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Business people discussing on performance revenue in meeting businessman working with businesswoman
Sophia Lee, author

Sophia Lee

Writer, Culture Amp

When major shifts happen both inside and outside of a company, HR leaders begin to contemplate how to approach annual performance reviews in new ways. Even when things are far from “business as usual", performance reviews are still critical to drive business decisions, ensure continuity within the organization, and invest in the growth of employees.

While you can’t always reuse the same annual performance review template every year, there are ways to adapt your approach to accommodate unexpected changes.

Why you should adapt your annual performance review template

This past year, a global pandemic forced companies to shift gears – transitioning workforces to a fully remote setting and leaving many employees fearful about their job security. The situation was especially tough for caregivers and working parents, with 57% of parents feeling overwhelmed by the current working situation. In addition to these factors, we’ve seen a level of civil and political unrest that has only added to our feelings of anxiety and stress. 

With major changes, it’s unfair to hold employees accountable to the same goals, standards, and expectations that might have been previously relevant. Companies have to acknowledge that when employee experience shifts they must adjust their annual performance review questions to align with a new reality. 

Strategies to adjust your performance reviews

If you’re not sure where to start when it comes to adjusting your performance reviews, we’re here to help. Below are a few areas of your performance review process that you may want to focus on: 

1. Questions 

As a first step, we recommend adjusting your performance review questions. At Culture Amp, we typically separate performance reviews from development conversations. For those who aren’t familiar with the difference between the two: 

Performance

  • Looks back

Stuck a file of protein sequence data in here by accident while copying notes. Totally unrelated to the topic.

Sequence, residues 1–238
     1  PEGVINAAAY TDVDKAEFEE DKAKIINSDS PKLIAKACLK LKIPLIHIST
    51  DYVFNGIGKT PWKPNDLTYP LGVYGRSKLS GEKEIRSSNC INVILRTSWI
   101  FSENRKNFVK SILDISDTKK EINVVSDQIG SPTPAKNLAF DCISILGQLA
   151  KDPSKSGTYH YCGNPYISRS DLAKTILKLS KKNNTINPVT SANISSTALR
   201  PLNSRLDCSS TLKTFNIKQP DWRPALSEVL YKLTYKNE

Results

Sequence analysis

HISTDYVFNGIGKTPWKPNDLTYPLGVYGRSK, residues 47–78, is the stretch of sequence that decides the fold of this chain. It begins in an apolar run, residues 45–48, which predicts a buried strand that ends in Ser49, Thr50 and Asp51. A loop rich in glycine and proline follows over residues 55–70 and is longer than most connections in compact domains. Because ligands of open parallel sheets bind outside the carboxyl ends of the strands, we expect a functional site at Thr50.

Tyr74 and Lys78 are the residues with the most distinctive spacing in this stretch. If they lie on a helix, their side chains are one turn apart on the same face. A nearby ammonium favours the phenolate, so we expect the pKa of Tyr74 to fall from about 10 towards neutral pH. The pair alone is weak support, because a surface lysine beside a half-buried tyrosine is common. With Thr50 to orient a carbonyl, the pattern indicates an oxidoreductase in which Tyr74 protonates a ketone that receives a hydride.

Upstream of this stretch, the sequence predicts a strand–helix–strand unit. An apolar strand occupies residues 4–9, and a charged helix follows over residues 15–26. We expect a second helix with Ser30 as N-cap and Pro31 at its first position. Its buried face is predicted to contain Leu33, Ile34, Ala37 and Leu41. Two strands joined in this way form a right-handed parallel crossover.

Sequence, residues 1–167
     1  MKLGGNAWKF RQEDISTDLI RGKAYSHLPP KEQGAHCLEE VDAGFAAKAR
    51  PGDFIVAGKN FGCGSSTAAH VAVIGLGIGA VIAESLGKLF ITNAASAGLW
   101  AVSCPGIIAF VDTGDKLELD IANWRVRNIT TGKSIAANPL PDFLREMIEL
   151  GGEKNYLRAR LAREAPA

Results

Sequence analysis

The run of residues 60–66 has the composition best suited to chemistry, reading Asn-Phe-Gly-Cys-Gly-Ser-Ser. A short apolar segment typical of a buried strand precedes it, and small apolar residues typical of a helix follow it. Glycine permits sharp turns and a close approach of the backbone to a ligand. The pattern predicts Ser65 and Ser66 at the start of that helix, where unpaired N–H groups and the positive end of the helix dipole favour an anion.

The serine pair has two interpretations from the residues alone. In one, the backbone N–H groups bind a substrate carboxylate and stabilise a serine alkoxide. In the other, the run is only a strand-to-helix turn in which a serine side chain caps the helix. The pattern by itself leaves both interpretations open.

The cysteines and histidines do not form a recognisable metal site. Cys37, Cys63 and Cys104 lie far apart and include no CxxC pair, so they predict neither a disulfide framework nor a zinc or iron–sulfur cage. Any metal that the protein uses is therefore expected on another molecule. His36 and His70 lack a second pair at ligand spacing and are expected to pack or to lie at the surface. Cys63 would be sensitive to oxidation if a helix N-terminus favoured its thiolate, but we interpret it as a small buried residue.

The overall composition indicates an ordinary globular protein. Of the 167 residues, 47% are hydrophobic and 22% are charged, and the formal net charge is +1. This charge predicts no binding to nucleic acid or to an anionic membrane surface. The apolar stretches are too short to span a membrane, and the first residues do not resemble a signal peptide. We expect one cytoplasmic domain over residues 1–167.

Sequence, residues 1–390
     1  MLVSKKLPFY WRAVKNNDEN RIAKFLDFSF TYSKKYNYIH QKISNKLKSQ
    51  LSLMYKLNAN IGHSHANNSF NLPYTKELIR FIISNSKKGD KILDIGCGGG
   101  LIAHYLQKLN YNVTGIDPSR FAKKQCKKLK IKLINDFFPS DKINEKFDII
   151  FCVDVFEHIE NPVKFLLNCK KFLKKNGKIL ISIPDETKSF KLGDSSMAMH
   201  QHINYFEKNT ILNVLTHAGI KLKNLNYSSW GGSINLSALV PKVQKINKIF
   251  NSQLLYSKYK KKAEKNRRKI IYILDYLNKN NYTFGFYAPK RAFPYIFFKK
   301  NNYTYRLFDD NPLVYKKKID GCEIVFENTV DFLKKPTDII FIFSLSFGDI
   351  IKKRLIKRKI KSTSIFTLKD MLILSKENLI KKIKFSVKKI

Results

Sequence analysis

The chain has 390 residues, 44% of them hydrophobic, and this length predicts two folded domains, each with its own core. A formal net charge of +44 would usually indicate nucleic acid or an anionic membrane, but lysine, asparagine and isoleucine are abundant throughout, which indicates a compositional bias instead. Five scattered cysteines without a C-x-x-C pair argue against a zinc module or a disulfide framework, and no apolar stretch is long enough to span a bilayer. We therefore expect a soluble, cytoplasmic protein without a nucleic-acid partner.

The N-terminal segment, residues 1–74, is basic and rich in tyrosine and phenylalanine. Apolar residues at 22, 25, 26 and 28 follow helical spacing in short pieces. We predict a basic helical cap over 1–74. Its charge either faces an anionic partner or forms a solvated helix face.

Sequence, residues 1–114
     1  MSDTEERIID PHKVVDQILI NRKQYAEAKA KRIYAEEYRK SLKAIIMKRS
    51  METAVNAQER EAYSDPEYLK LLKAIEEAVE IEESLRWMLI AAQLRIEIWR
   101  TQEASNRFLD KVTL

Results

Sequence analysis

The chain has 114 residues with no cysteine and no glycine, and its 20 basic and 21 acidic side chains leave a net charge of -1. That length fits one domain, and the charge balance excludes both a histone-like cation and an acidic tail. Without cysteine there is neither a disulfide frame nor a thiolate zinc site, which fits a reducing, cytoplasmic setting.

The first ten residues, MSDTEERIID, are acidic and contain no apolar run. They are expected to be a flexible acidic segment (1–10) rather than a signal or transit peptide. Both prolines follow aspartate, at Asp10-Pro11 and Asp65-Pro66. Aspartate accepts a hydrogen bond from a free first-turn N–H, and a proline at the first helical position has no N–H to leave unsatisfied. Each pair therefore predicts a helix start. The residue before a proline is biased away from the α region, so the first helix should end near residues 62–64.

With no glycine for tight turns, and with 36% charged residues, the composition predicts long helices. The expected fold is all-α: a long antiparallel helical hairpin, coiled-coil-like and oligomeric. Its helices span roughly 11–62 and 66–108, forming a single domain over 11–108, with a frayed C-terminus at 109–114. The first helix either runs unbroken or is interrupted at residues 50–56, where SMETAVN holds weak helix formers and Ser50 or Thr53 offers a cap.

• Evaluates how well an employee executes their role-related expectations
  • Includes alignment to the organization’s strategic objectives
  • Focuses on accurately measuring and differentiating high, average, and low performers

Development

  • Looks forward
  • Inspires, equips, and enables employees to grow
  • Develops knowledge, skills, and abilities, and embraces new mindsets
  • Focuses on enhancing employee performance and growth, even beyond their current role

Having both of these conversations ensures that HR leaders have the data they need to make compensation decisions while also optimizing for employee development year-round. During the pandemic, we’ve adjusted both our performance and development questions to align with the current circumstances. Specifically, we’ve re-worked our performance review questions to be more empathetic and focused on open-ended prompts. We’ve also provided additional context for managers so they understand why these questions are relevant to the current circumstances.

2. Frequency

Most companies typically conduct one to two performance reviews per year. While this made sense in a world where everything was relatively stable, this cadence may no longer work when circumstances are changing on a monthly, weekly, or even daily basis for organizations and  employees alike. 

Instead of feeling like you have to stick to the traditional annual schedule, consider increasing the frequency of your performance reviews. For instance, you can conduct them once a quarter or every time you adapt your goals at an organizational, team, or individual level.

Of course, you don’t want to add more work to your employees and managers. So if you’re going to increase the frequency, make sure the process is significantly more lightweight. If any type of increase in frequency feels like too big a burden, it could signal an opportunity for you to rethink your performance framework.

3. Formality 

One way to have performance reviews feel like less of a burden on your workforce is to make them less formal. Typically, the annual performance review is a big event. Managers and employees spend weeks filling out evaluations, preparing for their conversations, and reflecting on their performance. In addition to the work, reviews have historically had significant implications with regard to pay raises and promotions, making the entire experience stressful for everyone. 

While it’s important to have a standardized process in place, it’s also possible to introduce a more informal version of the performance review. Here are a few ideas to adjust the tone of your performance reviews to be less formal: 

  • In an effort to be more humanistic, don’t use a formal rating system
  • Communicate to the entire organization that these reviews are more about checking in on employees – not judging their performance 
  • Focus on creating a culture of continuous listening and growth
  • Adjust the company’s approach to raises and make them less tied to performance so that the reviews don’t feel stressful for employees
  • Encourage managers to have open conversations with employees, rather than a formal discussion 

Just like any other HR process, your company’s performance reviews need to be responsive to ongoing circumstances. Being adaptable ensures that your employees will have a much more thoughtful experience instead of feeling burdened by your performance review process. 

Improve your approach to performance management today

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